Aufklärungspanzer 38(t) 2cm KwK38
With the constant need to provide better protection and mobility for
the reconnaissance troop a fascinating but rare conversion was made of
the existing Czechoslovakian Skoda made Pz.Kpfw.38(t) tank chassis to
create the slightly peculiar looking Aufklärungspanzer 38(t) Sd.Kfz.140/1
The Aufklärungspanzer was developed as a primary reconnaissance
vehicle proposed to replace both the existing half-tracked and wheeled
armoured cars currently engaged in the role of armoured reconnaissance,
both of which struggled to cope with the poor conditions experienced
of the Russian front. Fitted with the ‘Hangelafette turret’ which
hung mounted a 20mm KwK 38 L/55 cannon and an MG42 capable of both anti
aircraft and a ground fire role, a mount that was already employed as
standard practice in armoured cars and tracked reconnaissance vehicles
such as the Sd.Kfz.222 & Sd.Kfz.250/9 and both of which were already
fielded in combat operations on the Eastern front. Approximately 70 Aufklarungspanzer
38(t) vehicles armed with the 20mm gun and stowage for some 180 rounds
of AP ammunition and a crew of 3 were converted from old stocks of the
Panzer 38t (already pulled from front line operations) and refitted from
late 1943 to early 1944. This amounted in essence to stripping down the
upper hull superstructure of the now obsolete Pz.Kpfw.38(t) and reconfiguring
a boxed upper hull structure to fit round the Hangelafette turret. With
such relatively small numbers and no future deliverers to come it would
seem reasonable to assume that further production was halted in favour
of the new Jadgpanzer 38(t) which used up to 80% of the production components
allocated to the Pz.Kpfw.38(t) series, presumably making further Aufklärungspanzers
impossible to deliver considering other chassis commitments. Another
variant on the 38(t) chassis which mounted a short barrelled 75mm KwK
37 L/24 and MG42 gun in the modified superstructure was fielded although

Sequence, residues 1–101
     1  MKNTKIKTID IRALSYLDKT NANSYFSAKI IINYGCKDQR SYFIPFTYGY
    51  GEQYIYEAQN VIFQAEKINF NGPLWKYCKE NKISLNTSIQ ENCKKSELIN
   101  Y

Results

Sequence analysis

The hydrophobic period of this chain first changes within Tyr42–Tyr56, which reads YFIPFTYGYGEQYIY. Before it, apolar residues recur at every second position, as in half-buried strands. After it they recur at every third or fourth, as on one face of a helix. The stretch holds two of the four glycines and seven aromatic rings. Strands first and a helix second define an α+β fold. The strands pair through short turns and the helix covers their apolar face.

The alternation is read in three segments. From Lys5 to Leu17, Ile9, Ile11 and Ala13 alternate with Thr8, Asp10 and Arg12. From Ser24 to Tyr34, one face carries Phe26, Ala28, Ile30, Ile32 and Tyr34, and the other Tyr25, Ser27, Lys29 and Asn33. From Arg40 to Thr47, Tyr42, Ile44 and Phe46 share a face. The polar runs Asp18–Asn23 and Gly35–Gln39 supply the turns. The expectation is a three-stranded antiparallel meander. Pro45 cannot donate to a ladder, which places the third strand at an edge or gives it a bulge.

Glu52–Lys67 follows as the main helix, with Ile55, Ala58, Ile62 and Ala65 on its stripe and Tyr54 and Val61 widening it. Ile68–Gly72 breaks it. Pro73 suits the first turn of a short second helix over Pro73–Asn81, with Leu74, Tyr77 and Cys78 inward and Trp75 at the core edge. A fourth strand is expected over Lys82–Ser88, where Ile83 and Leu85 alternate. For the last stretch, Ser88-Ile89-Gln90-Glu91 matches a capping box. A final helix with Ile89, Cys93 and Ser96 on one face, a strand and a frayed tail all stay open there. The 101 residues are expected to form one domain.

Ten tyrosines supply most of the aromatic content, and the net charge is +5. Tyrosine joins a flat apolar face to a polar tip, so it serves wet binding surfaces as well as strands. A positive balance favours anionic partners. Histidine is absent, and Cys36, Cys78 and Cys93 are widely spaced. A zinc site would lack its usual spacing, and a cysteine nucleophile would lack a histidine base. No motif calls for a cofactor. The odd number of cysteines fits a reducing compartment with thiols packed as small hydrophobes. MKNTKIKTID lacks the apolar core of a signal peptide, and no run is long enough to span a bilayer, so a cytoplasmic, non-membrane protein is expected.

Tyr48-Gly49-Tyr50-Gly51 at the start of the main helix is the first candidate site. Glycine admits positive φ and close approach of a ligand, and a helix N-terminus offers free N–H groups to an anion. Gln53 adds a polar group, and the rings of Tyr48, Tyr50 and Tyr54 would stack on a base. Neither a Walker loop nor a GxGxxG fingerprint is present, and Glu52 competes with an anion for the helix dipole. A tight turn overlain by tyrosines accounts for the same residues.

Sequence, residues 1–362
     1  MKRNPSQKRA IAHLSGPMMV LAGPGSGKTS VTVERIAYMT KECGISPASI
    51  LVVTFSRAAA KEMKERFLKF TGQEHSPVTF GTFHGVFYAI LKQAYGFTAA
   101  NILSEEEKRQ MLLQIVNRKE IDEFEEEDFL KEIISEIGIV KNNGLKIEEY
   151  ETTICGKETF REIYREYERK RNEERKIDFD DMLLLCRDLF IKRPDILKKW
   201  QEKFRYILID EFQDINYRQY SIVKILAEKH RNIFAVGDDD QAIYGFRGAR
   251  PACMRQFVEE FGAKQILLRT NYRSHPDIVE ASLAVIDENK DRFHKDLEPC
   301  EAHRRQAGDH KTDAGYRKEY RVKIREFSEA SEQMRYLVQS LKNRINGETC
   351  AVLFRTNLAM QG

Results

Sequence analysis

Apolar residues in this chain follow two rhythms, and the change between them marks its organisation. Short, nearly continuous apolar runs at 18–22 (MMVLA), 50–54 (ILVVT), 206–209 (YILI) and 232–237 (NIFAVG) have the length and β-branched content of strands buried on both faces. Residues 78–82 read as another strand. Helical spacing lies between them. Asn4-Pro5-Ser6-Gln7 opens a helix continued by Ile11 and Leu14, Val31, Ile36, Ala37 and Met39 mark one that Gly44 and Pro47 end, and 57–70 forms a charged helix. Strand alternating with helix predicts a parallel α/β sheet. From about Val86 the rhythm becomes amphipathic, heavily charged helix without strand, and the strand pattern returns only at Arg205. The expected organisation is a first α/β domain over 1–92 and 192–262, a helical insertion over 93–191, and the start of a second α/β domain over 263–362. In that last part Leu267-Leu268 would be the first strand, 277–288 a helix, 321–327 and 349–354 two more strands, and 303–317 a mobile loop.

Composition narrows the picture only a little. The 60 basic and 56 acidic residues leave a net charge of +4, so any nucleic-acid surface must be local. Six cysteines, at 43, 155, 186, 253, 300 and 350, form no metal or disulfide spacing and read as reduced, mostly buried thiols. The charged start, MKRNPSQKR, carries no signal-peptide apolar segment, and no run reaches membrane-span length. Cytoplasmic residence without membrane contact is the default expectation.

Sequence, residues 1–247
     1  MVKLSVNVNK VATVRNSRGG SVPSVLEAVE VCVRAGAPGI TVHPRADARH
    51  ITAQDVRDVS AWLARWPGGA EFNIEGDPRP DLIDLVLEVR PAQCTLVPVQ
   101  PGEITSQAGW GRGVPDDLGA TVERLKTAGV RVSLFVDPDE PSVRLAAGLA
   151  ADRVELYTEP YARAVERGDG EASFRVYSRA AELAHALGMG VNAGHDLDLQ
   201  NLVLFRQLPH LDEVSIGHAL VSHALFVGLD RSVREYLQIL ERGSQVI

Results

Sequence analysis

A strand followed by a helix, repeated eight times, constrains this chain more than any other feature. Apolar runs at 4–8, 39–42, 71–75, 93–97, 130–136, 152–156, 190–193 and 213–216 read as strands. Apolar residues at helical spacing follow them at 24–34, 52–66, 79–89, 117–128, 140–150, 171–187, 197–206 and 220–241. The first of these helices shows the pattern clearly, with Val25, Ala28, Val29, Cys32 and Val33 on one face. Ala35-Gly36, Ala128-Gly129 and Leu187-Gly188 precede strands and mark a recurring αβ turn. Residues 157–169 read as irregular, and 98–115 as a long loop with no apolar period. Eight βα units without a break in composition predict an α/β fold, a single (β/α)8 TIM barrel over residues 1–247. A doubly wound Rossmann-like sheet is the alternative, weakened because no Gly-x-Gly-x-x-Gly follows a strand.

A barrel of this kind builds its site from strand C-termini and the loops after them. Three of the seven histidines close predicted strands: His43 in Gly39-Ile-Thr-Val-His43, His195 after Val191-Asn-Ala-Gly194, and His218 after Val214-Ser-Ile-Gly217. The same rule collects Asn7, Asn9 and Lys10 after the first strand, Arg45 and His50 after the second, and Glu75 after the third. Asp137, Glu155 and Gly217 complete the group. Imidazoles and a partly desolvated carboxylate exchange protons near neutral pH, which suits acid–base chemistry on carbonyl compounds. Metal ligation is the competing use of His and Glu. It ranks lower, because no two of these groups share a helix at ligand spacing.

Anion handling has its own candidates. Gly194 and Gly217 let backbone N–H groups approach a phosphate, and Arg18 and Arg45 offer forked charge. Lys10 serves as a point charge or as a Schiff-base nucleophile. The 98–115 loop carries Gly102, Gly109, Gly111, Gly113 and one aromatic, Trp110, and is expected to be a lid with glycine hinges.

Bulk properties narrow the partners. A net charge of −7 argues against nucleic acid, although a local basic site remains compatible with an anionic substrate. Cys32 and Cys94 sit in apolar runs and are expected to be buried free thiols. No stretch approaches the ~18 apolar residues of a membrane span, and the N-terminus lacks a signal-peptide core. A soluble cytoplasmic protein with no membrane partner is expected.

only 2 were apparently built in 1944 and issued to Pz.Aufkl.Abt.233 according
to inventory reports dated April 1945.
A step in the right direction?
Unsophisticated by design one can only assume that the need of the war economy was being pushed to the limits in this particular case. However one can argue that at least the Germans were really beginning to grasp the idea of mass production in the same sense the allies had been doing for the last few years by using an existing mechanically simple and well proven chassis for multiple roles. Although the finished product itself demonstrates a step backwards in design since it obviously employs riveting techniques in the upper hull construction already recognised as a menace to the crew members because of their tendency to fly off when struck by small arms fire and ricochet around the interior of the vehicle striking the crew. This construction style decision was probably taken in an effort to reduce costs and accelerate production time and allow for less experienced workers to assemble the vehicle, but a poor decision nevertheless given the desperate need for crew and vehicle survivability.
A rare photograph above of the Aufklarungspanzer 38(t) during combat operations
The small production run of approximately 70 units was allocated to various units as follows;
2./PzAufkl. GD/PzGr-Div. Grossdeutschland was issued 25 units in April 1944
1./PzAufkl. 3/3.Pz-Div. Was reportedly issued 25 units in September 1944
A further seven vehicles were sent to each of the above units as replacements in December of the same year and one was known to have been issued to Ersatz-Brigade GD. Little else is known about the attrition rates for these vehicles or indeed the performance amongst the crews as the war entered the desperate final stages of the last few months, few survived and none are known to have entered museums or private collections. Only a few rare photographs preserve their usage. Of the 32 to be issued to the Grossdeutschland division how many made it to Pillau in the last days of GD’s existence is impossible to say and 3rd Panzer lost most of its machines in the abortive offensive around Lake Balaton and the fighting for Budapest in Hungary. However one might surmise that since the Pz.Kpfw.38(t) was an outstanding chassis that was extremely successful in its application for the Jadgpanzer 38(t) that one can draw similar conclusions that the Aufklärungspanzer 38(t) might also be equally successful in its role with the combination of excellent reliability, good cross country performance and speed. Unfortunately its single biggest downfall would lie in its light armour whilst fine for fast reconnaissance missions it would be hopeless in the defensive nature that the war had turned for the German Wehrmacht and thus no match when engaged with the massed ranks of Soviet T-34’s.
The Aufklarungspanzer 38(t) outside the former CKD (Ceskomoravska Kolben-Danek) works in Czechoslovakia renamed the BMM (Böhmisch-Mährische Maschinenfabrik AG) under German occupation.
Article submitted by Simon Garner.